The Spanish fishing sector has the date of next Tuesday, July 26, marked in red on the calendar. That day, Fisheries Commissioner Virginijus Sinkevicius will hold a technical meeting with representatives of European fishing fleets, member states with interests in this area (including Spain), NGOs and scientists from the International Council for the Exploration of the Sea ( ICES) to finalize the 'closure' of 87 trawl and bottom longline fishing areas in fishing grounds in France, Spain, Portugal and Ireland. What will affect the activity of more than 300 Spanish fishing vessels, they estimate from the European Bottom Fishing Alliance (EBFA, in English) chaired by the Spanish Iván López. "In Ireland, for example, the Burela and Celeiro (Galicia) bottom longline fleet obtains 75% of the skewer hake catches in these areas", points out the general secretary of Cepesca Javier Garat. On the other hand, he has also warned that "if marine gas oil prices continue like this, and the aid does not arrive, some fleet will have to stop".
All these issues were discussed in the traditional meeting with the media, in which the 'Report on the Spanish Fishing Sector 2022' prepared annually by Cepesca (Spanish Fisheries Confederation) was presented. Garat, who also chairs the European employers' association Euopêche, has shown his confidence that Brussels is sensitive to the socioeconomic study that Spain will present with data on the economic impact of this measure for the fleet and the entire economic fabric around the ports: «Spain is going to present exact data on the footprint of bottom gear, where the vulnerable marine ecosystems are located and the areas to be protected", he advanced. He has also criticized the cartographic methods used by the European Commission to determine the fishing zones to be protected. For his part, López (EBFA) recalled that the European Commission had the obligation to carry out this type of study and was more skeptical about Brussels introducing changes: «We are not here to play games: I do not think that the whole of the proposal change," he concluded.
Fishing diesel, 'out of control'
On the possibility that the moorings of the fleet will be repeated, due to the economic consequences derived from the conflict in Ukraine, the general secretary of Cepesca Javier Garat has recalled that fishing diesel already accounts for more than 60% of the operating costs and its price remains high. Only in 2021 its value increased by 44.4%. Specifically, according to industry estimates, the price has gone from an average of 0.306 euros in the last quarter of 2020 to exceed 1.1 euros this year. What is added to the increase in logistics costs, energy, raw materials, etc... In this sense, he welcomed the fact that the fishing fleet that fuel is supplied outside of Spain through national companies. “If the prices of marine gas oil continue like this, and the aid does not arrive, some fleet will have to stop”, acknowledged Garat, who has also lamented the greater fiscal pressure and the rise in social contributions.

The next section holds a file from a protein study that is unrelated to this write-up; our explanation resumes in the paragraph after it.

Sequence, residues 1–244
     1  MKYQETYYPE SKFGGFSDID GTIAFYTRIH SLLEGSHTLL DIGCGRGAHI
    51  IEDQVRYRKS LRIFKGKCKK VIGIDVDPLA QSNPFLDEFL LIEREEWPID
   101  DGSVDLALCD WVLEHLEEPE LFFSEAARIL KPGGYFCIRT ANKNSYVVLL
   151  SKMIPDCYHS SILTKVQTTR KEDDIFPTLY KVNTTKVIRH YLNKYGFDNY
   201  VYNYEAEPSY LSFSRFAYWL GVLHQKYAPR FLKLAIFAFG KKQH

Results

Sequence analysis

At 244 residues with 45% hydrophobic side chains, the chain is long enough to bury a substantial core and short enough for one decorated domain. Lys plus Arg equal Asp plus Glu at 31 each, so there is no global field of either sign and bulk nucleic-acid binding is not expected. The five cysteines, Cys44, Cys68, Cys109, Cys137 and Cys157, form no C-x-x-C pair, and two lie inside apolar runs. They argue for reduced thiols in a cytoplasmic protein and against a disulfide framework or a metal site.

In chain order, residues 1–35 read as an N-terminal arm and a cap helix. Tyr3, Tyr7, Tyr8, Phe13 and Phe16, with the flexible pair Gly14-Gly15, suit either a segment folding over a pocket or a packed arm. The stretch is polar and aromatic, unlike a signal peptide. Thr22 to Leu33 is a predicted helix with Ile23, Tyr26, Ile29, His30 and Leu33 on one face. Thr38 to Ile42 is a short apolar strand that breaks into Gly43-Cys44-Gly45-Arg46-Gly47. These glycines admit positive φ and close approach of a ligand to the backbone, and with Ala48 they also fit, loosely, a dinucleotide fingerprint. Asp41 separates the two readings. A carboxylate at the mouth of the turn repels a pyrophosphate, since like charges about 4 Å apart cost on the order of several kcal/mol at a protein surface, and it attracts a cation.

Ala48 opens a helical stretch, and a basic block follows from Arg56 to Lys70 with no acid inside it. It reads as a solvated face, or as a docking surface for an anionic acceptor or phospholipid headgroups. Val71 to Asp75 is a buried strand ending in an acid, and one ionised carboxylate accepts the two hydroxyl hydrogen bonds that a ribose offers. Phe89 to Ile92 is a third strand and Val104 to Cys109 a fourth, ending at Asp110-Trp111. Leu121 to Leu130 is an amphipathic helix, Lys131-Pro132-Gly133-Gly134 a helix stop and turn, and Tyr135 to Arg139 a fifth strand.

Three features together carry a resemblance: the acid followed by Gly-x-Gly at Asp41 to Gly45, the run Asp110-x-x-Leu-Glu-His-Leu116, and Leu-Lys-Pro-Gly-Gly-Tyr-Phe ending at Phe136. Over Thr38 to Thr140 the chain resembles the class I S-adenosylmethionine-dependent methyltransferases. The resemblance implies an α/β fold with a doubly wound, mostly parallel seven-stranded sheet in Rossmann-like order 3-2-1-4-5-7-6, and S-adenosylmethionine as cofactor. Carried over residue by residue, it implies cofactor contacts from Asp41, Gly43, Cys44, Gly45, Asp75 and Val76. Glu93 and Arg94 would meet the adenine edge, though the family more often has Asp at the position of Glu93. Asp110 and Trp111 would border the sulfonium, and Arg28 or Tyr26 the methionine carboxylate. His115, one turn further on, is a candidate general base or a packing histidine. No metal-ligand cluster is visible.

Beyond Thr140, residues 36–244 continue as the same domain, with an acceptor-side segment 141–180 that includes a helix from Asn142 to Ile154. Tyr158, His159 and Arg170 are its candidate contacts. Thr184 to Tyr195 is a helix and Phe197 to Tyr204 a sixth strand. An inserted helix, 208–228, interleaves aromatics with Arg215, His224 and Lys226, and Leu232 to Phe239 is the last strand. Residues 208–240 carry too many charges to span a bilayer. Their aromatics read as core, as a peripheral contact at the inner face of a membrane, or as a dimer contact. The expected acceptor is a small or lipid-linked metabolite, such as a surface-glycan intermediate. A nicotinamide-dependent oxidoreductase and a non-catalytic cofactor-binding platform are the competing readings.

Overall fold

All this, in a sector that with 'blood, sweat and tears', has managed to navigate the troubled waters of the pandemic. Specifically, they estimate in the Cepesca report, the total value of production in 2020 has amounted to 2,043 million euros, with a growth of almost 10%. While imports and exports fell in 2020, they have recovered in 2021, exceeding those of previous years. Last year alone, 1,168 tons were exported for a value of 4,701 million euros. Growth compared to the previous year of 6.6% and 17.1%, respectively.
In this sense, Garat has pointed to a greater number of captures last year compared to the previous year and added that "the economic value will be similar to or greater than that of 2020 since people want to spend and enjoy life." Something that, in his opinion, also works so far this year, although everything is subject to the "uncertainty" surrounding the conflict in Ukraine.